MAYVILLE - A Jamestown eyesore is one step closer to meeting its demise.
The County Legislature will vote today to transfer a property located at 648 E. Sixth St. to the Citizen's Opportunity for Development & Equality Inc. - a Jamestown-based not-for-profit revitalization group.
For the purchase price of $1, the county, which is in the process of finalizing its land bank status, would transfer the derelict property to CODE. The transfer is contingent upon the demolition of the property within a year of acquisition.
"It's burnt, it's dilapidated, it's been vandalized and it's not been maintained," said Michael Bradshaw, CODE executive director, of the East Sixth Street home.
Bradshaw said once site control is received from the county, CODE can apply for state funding to demolish the property. He added that once demolished, the lot - which will likely be privately owned - will be used to "link two neighborhoods" by installing a pathway lined with fruit trees and raised garden beds.
The paved pathway would connect East Sixth and Second streets up to the Appleyard developments.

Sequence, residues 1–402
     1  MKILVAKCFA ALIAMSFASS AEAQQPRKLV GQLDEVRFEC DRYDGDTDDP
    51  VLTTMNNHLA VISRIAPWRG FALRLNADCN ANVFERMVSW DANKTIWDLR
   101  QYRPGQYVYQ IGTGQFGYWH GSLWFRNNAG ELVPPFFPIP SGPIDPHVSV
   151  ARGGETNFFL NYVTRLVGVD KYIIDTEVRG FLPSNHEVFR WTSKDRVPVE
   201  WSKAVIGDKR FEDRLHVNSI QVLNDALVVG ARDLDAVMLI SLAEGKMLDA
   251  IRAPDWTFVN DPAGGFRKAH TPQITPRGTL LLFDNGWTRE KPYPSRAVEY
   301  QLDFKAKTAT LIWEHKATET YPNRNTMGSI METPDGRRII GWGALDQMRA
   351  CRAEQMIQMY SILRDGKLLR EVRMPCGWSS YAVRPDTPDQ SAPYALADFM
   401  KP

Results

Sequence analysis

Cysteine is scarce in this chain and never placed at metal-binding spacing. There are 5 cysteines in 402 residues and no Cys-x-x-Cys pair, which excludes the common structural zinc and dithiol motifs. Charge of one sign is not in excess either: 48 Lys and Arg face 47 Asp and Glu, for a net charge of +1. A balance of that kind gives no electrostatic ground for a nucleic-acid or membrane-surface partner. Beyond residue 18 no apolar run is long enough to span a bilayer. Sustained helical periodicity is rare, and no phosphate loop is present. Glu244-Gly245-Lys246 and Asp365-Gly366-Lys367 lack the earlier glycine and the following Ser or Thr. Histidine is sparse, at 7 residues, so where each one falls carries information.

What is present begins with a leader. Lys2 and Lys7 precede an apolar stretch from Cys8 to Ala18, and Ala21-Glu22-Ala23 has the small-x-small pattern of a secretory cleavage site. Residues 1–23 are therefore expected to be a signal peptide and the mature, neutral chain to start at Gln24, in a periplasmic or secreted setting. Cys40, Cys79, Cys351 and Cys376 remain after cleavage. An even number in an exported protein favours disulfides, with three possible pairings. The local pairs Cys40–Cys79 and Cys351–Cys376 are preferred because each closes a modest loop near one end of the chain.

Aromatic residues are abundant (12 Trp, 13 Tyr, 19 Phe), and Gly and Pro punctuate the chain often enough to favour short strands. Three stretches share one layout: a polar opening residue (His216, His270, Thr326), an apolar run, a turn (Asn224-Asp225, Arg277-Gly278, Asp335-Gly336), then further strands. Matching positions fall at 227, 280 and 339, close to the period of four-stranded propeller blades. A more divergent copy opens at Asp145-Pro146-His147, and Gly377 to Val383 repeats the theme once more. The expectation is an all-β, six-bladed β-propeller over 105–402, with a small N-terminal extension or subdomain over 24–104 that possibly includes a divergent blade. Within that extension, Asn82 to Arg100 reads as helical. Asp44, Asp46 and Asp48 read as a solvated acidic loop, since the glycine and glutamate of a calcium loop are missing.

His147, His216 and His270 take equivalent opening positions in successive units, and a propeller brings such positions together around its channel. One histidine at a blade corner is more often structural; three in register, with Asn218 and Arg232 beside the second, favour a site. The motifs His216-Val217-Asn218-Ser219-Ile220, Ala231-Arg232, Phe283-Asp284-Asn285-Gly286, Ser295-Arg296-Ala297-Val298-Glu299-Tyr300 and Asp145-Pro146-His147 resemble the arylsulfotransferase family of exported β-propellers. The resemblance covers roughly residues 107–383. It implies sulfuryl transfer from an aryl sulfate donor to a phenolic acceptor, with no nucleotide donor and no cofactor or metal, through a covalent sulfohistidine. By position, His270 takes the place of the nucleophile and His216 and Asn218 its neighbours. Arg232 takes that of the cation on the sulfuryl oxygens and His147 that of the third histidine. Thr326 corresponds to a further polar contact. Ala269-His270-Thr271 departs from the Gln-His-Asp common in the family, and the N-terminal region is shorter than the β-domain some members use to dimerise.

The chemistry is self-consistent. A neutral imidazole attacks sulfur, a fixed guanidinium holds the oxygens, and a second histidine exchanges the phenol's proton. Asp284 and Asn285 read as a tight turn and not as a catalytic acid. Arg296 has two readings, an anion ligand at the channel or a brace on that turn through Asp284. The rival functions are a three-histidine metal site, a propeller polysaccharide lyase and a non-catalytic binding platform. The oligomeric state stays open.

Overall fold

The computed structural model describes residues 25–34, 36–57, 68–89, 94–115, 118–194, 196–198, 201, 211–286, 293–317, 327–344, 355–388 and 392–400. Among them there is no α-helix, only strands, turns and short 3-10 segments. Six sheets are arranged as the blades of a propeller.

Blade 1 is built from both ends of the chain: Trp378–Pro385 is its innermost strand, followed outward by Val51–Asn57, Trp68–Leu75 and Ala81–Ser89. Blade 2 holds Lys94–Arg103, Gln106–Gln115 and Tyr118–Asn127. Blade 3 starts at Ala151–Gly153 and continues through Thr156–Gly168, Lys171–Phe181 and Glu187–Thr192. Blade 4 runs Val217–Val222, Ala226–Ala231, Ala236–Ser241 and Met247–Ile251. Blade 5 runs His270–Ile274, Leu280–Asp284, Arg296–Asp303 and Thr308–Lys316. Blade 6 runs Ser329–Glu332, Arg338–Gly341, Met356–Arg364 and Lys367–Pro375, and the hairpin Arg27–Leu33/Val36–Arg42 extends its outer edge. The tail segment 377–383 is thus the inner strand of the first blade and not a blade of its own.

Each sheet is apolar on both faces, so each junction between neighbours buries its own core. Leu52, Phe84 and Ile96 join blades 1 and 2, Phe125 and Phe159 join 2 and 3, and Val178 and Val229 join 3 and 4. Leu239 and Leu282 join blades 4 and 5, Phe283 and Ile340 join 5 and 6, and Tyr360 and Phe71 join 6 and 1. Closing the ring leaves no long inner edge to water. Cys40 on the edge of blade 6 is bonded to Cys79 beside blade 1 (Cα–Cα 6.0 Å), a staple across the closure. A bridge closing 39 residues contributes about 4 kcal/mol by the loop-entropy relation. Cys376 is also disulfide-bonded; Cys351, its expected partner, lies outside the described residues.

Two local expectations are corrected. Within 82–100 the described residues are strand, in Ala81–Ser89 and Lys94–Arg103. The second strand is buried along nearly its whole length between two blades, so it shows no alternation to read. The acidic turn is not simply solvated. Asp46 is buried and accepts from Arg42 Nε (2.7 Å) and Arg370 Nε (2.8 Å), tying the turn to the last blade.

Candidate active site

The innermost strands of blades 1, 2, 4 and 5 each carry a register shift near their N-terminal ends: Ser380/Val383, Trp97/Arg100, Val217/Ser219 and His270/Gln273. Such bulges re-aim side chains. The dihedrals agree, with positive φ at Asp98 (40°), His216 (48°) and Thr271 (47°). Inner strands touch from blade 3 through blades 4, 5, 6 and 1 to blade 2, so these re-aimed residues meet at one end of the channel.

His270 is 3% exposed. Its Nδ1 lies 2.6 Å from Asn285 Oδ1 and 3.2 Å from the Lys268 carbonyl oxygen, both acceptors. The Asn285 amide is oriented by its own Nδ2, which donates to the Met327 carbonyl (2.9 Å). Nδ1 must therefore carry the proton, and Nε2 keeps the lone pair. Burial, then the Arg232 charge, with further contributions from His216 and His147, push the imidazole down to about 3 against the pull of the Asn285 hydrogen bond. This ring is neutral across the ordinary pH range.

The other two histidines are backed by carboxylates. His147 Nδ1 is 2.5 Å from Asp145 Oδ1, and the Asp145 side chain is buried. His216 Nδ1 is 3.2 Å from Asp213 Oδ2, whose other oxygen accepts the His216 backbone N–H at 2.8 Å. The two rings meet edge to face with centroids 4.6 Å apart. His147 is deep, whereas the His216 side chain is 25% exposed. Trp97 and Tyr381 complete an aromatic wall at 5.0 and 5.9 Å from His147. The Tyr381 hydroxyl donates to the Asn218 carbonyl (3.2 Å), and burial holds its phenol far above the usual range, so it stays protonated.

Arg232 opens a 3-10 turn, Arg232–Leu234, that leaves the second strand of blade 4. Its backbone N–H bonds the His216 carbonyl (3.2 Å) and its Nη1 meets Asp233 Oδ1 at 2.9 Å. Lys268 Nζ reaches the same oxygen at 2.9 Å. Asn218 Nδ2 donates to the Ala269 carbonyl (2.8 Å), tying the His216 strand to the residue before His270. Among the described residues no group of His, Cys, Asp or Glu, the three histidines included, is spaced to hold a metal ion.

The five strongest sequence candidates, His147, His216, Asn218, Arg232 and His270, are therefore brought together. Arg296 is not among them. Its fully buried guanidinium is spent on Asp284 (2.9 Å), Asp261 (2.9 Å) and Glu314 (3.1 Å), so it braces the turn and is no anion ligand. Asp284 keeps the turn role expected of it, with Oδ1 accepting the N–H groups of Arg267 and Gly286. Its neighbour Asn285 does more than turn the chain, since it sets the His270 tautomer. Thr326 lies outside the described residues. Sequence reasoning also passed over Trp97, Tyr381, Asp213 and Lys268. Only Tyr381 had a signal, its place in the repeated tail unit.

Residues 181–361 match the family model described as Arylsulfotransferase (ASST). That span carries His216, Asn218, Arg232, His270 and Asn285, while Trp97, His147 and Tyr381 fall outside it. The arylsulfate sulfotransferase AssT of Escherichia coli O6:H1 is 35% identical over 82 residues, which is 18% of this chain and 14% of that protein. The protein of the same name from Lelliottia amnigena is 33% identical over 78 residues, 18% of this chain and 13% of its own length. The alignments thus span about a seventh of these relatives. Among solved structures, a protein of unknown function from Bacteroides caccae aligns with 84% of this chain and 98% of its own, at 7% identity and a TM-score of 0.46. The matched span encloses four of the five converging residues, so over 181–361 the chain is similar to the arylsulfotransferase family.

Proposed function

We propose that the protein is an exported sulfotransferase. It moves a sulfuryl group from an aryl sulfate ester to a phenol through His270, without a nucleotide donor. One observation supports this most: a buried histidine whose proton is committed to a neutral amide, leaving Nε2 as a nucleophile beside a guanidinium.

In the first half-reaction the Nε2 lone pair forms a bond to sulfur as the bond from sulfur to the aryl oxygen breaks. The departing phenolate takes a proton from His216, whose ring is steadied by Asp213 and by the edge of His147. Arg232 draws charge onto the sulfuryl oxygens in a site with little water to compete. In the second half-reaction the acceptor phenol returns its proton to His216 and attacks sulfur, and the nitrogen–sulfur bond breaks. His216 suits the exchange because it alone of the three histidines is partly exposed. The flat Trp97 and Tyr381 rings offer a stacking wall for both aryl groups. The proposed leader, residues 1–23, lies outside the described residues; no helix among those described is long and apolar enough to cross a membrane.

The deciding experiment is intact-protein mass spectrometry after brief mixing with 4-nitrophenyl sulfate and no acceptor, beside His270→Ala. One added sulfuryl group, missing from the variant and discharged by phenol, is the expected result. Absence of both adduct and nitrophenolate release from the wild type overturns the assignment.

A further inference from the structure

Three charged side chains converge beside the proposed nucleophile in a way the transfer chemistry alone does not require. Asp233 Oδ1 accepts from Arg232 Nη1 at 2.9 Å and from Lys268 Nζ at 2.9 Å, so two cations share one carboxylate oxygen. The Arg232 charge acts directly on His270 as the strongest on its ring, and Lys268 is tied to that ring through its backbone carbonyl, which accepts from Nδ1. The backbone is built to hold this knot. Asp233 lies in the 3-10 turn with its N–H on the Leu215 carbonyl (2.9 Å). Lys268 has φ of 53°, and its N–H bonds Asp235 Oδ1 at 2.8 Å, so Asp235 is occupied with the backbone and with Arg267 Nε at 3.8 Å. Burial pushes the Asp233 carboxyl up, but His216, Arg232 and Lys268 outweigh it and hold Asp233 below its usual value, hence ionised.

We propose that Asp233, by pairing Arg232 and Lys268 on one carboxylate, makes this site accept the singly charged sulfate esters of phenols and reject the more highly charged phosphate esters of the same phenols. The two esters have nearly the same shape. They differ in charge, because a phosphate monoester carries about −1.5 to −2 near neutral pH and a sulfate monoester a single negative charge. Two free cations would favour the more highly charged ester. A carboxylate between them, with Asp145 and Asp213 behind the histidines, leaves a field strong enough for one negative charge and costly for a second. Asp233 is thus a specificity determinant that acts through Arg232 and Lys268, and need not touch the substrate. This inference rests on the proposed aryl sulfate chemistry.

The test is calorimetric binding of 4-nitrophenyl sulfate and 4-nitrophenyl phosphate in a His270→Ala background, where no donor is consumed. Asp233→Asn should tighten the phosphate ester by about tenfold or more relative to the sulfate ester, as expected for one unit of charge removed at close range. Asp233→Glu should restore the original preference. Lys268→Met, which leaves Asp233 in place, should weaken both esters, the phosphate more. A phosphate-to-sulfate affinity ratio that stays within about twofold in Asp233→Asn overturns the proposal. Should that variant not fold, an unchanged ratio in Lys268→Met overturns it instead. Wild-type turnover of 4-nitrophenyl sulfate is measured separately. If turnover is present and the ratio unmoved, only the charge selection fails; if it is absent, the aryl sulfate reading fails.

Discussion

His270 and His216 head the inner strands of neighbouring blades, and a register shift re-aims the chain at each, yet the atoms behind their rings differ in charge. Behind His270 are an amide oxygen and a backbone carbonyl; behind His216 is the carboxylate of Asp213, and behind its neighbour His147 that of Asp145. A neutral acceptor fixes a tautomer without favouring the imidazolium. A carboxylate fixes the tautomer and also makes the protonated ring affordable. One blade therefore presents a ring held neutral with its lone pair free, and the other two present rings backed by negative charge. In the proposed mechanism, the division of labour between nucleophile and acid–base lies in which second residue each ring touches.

Bradshaw, however, said state funding is not guaranteed.
"Well, that's always a good question," he said, noting that his group will be responsible for maintaining the lot once it takes ownership.
Five properties, including the East Sixth Street location, were discussed last week by the legislature's Administrative Services Committee. The properties are located in Jamestown, Dunkirk and the village of Fredonia.
Mark Geise, county Planning and Economic Development deputy director, said $150,000 in county seed money has been granted for the land bank corporation. Any revenue generated, Geise said, will be funneled back into the land bank for demolition and basic maintenance.
However, before the corporation can officially acquire properties, its sole remaining board of directors seat must be filled. That is expected to take place Wednesday when a resolution to approve Alexis Singleton, of Jamestown, to the board will be discussed.
"This is an exciting time for the land bank and the county as it marks the first property to be designated for demolition by the corporation, and accomplishes one of the primary goals of the plan: to remove dilapidated residential structures that no longer satisfy a recognized need," Geise said of the Jamestown property.
"It also represents the kind of partnership that we seek to forge throughout the county so that we are working collaboratively and leveraging resources to accomplish common goals," he added.